1.יש יהודי ב-NBA? אז גם ערבי (גיא, טוניסאי מוסלמי זה 'ערבי'?)
המבריקס GOT CRUSHED ע"י אוקלהומה סיטי, ונניח לפגז שבריאה הננס הכניס לראבל ווסטברוק. כנראה שלבריאה ישנם אשכים בגודל בתי הזיקוק: לא רק נשוי למיס פורטו ריקו, גם לא פוחד לתת לווסטברוק 'מברוק' אחד טוב ולהראות לו מאיזה צד משתין הדג.
אבל מה? הקריעה נתנה לריק קרלייל להראות לעולם את "הסוד האיסלמי" של הקבוצה, הטוניסאי סלאח מג'רי, 2.18 מ' יחף (לא כמו שמודדים גובה בעפולה עם נעלי עבודה מ'המגפר').
מה הוא עשה?
לא הרבה. רק 8 מ-9 ל-17 נקודות מסולסלות ומתובלות עם סומסום, והכל ב-25 דקות:
הבה ונאמר זאת כמו שצריך: הוא היה جيد (JAYID; טוב, מצויין).
ברצינות: הוא היה טוב מאד. אולי אפילו התגלה שחקן.
האם הוא המוסלמי המזרח-תיכוני הראשון ב-NBA? לא יודע
הוא עשה מהלך שאפילו קובי התלהב ממנו:
הוא לא הופיע פתאום סתם ככה. הוא שיחק בריאל מדריד שם זכה בגביע הספרדי, בליגה הספרדית, ויורוליג – ב'טריפל קראון' היקרתי – כשהוא משחק 18 דקות למשחק.
2.אין כמו נוביצקי
הדאלס מבריקס שיחררו וידיאו של וביצקי המנסה לחקיין את "דונאלד טראמפ הגרמני". נוביצקי כבר התפרסם בכמה וידיואים מגן העדן והגיהנום. לבנאדם יש מה זה חוש הומור. אני מת על השחקן הזה שלא חושש לעשות צחוק מעצמו ומאחרים!
4.טניס על גב הלוויתן
מומלץ מאד לפתוח ולהסתכל!
6.האם קליעה של סטפן קרי עם הבאזר יכולה להרוג אותך?
(מאמר נפלא באנגלית)
The neuroscience behind the biggest moments (for fans) in sports
From the time the ball leaves Stephen Curry's hands to the instant it sails through the rim, the neuronal equivalent of fireworks detonate in the brain of the sports fan. There's a reason, in other words, you feel like your head's going to explode while you watch that orange sphere hang in the air. It is the briefest of moments, with hardly seconds passing on the game clock. But in your mind it feels like eternity as you wait with bated breath, preparing to implode with unrestrained emotion.
In basketball, it's the phenomenon of the buzzer shot, but there's an equivalent in every sport: football's Hail Mary pass; baseball's full-count, two down, bottom-of-the-ninth payoff pitch; soccer's sudden-death penalty kick. Whether they lead to triumph or devastation, they are the climactic points in a game, and it is for the possibility of experiencing those few seconds that we watch sports. So when that Steph Curry buzzer-beater goes up and the crowd's silenced in anxious anticipation, what is it that's actually going on each of our brains?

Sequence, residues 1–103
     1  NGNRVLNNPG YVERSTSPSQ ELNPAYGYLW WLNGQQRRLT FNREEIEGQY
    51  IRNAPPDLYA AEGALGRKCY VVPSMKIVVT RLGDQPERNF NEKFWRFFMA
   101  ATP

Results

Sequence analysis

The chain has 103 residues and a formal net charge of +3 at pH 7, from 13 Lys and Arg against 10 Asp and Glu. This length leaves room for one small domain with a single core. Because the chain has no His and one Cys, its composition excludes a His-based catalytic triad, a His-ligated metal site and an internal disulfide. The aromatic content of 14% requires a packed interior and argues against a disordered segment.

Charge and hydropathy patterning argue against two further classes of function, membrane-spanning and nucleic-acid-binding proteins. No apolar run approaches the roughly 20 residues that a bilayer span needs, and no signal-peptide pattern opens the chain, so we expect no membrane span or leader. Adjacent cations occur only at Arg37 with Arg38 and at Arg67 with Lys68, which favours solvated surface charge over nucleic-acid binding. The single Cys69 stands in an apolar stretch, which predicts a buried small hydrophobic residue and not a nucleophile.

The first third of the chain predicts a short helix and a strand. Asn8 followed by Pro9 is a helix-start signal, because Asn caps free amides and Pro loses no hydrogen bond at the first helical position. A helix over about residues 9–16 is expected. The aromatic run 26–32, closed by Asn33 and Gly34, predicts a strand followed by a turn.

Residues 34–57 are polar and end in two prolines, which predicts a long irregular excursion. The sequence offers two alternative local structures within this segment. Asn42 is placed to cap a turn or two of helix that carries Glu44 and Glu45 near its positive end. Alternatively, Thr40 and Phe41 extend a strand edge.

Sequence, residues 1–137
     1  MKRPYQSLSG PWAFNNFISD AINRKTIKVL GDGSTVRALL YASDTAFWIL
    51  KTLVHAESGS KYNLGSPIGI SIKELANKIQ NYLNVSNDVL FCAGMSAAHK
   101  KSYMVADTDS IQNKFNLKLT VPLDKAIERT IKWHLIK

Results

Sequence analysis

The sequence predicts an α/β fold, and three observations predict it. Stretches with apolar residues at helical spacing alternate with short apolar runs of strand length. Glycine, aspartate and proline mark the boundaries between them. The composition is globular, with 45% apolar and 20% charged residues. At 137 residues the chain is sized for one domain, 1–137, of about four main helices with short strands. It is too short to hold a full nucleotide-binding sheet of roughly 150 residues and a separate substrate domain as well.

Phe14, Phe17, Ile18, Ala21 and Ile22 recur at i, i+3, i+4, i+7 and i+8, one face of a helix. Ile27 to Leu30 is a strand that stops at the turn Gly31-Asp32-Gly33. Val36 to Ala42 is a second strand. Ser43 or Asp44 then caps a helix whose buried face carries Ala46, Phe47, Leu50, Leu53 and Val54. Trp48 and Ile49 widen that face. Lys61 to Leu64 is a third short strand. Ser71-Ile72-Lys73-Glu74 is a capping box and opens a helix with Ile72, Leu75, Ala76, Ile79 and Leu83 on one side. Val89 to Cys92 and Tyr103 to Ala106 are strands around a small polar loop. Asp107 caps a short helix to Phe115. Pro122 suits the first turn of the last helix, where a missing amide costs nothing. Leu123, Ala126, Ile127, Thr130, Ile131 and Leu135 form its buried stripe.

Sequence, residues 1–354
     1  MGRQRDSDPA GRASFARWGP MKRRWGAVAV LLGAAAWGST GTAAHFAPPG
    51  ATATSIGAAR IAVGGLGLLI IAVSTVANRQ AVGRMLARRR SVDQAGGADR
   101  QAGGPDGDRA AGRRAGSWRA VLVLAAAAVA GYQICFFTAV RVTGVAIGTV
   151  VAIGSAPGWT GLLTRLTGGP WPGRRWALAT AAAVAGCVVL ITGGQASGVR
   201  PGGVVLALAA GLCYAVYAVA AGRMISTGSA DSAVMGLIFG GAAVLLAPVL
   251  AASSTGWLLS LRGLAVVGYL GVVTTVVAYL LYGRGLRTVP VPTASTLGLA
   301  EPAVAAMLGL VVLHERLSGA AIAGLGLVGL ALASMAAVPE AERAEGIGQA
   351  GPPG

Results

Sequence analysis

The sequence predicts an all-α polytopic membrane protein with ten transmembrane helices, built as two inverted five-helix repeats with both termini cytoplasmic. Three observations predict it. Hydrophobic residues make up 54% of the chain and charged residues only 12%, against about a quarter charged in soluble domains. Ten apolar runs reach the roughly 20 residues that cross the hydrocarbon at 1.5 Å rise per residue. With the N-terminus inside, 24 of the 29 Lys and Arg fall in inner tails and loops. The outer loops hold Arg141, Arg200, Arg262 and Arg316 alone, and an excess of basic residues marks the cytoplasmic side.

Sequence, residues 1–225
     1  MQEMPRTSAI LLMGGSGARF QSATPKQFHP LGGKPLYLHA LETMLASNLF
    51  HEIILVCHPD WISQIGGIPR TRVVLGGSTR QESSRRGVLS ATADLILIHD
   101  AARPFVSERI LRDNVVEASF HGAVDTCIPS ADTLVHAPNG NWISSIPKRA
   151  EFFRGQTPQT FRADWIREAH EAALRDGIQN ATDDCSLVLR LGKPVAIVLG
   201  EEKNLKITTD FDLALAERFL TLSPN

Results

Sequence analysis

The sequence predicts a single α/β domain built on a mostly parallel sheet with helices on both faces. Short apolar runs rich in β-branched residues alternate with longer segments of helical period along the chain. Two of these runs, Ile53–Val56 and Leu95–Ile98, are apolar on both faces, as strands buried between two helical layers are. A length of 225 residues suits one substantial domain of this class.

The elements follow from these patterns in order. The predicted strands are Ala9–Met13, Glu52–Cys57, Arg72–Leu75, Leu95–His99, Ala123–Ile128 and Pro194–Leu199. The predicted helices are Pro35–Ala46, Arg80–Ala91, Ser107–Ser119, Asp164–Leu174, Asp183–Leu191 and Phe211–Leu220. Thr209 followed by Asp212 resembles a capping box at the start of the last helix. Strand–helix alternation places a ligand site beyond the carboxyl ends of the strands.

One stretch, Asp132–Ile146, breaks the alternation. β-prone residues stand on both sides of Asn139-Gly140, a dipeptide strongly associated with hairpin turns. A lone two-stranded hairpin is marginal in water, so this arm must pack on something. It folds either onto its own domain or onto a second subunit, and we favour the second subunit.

Let's get geeky for a second: The limbic system, the brain's emotional circuitry, is the most active participant. The limbic system gets involved when you are about to give a speech, when you're waiting for your performance evaluation at work, or anytime you receive emotional news. Areas such as the amygdala and medial temporal lobe—two key components of the limbic system—rev up as emotion overtakes us.
Outside of sports betting, the outcome of the buzzer shot should theoretically have no impact on our lives—but the activity in the limbic system can actually have lasting effects. Surveys show that nearly one-fourth of fans need at least a day to emotionally recover from their team losing a game. Nearly 8 percent take a week or more. Over 60 percent of those surveyed admitted to crying after a win or loss. And those are just the emotions that we feel after the game is over. The emotion is vastly more powerful in the moment, with the ball floating toward the rim, carrying the outcome of the game with it.
Reflecting our emotional overreaction to the fate of a basketball shot, the brain triggers the release of several hormones. Adrenaline pulses through the body, accompanied by the stress hormone cortisol. Studies further show a spike in testosterone levels during the heat of the game. When our brains sipthis three-hormone cocktail, the full force or the fight-or-flight response is unleashed. So what does that mean if I'm stuck in my seat or on my couch and have no one to fight or nowhere to fly to? Well,the potency of that physiologic reaction, driven by the intensity of the moment, can make your heart stop. Literally.